Spatial Modulation

DOI : 10.17577/IJERTV2IS4238

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Spatial Modulation

Ekta balotra1 , Koushik Barman2 Lovely Professional university


In this paper we have studied about Spatial Modulation (SM). Spatial modulation is a novel and recently proposed multipleantenna transmission technique. SM provides improved data rates compared to SingleInputSingleOutput (SISO) systems and robust error performance even with a very low system complexity. This is achieved by adopting a simple coding mechanism that establishes a onetoone mapping between blocks of information bits to be transmitted and the spatial positions of the transmitantenna in the antennaarray. This paper also discusses about its advantages and disadvantages over other conventional multiple antenna techniques.

Keywords- Inter Antenna synchronization (IAS), Inter- Channel interference (ICI), Multiple-input Multiple output (MIMO), Spatial modulation(SM).


    Multiple antennas in wireless systems offer a practical way to extend next generation communication capabilities. Their new improvements over single antenna systems have given many ways for research in multiple-input multiple-output (MIMO) communications. One way is spatial multiplexing. It exploits multiple antennas to transmit more information. Spatial multiplexing requires synchronizing all antennas to transmit at the same time. It introduces interference from all antennas during reception which makes detection schemes complex. For adequate performance receivers require the number of receive antennas to be larger or equal to the number of transmit antennas, which is not practical for downlink transmission to small mobile devices.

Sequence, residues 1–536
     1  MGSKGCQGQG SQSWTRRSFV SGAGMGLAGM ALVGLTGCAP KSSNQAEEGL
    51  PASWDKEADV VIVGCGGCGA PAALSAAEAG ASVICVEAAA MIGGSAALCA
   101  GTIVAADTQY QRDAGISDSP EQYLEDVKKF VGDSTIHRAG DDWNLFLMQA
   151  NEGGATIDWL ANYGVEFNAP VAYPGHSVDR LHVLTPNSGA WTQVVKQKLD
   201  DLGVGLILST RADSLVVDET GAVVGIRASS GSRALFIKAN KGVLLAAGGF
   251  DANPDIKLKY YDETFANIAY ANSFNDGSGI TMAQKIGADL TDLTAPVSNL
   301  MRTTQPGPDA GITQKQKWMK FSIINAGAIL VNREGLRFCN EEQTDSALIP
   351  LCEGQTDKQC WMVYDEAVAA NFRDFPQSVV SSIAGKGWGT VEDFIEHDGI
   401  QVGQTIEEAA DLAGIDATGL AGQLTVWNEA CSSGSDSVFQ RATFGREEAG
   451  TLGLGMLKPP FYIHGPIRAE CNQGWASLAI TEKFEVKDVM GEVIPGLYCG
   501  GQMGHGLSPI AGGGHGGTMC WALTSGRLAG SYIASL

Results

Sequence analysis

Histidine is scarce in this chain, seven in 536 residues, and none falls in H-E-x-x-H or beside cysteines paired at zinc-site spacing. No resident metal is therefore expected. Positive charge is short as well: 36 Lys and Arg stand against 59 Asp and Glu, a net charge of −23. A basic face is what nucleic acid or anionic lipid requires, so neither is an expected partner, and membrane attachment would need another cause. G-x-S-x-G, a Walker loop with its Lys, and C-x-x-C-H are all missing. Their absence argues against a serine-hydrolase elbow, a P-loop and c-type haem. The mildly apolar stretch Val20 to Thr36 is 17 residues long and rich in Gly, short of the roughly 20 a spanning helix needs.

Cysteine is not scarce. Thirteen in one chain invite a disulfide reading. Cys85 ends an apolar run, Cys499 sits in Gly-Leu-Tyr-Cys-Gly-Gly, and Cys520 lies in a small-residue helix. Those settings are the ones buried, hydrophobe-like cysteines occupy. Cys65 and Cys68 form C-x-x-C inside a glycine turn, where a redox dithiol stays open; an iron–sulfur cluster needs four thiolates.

Diversity transmission is the other way to exploit MIMO system. In this case, antennas are used to increase the reliability of the message. Diversity systems exploit the spatial domain as a coding mechanism to increase reliability (i.e., diversity). These type of systems also requires synchronizing all antennas to transmit at the same time. However, diversity is attained at the expense of transmission rate, which remains unchanged from a single-input multiple-output (SIMO) system. As opposed to spatial multiplexing, diversity schemes provide simpler detection due to certain transmission properties.

    Finally, the third category is hybrid transmission: both spatial multiplexing and diversity concepts are integrated. The first application of hybrid transmission is multilayered space-time coding in, which exploits transmit antennas to increase both diversity and transmission rate. However, these benefits are achieved at the expense of increased detection complexity.

    All of these systems provide their own sets of benefits and restraints, but are flexible enough to accommodate various requirements. However, some common pitfalls amongst

    MIMO systems are:

    1. Inter-channel interference (ICI): Introduced by coupling multiple symbols in time and space.

    2. Inter-antenna synchronization (IAS): The detection algorithms assume that all symbols are transmitted at the same time. Hence, IAS is necessary to avoid performance degradation, consequently increasing transmitter overhead.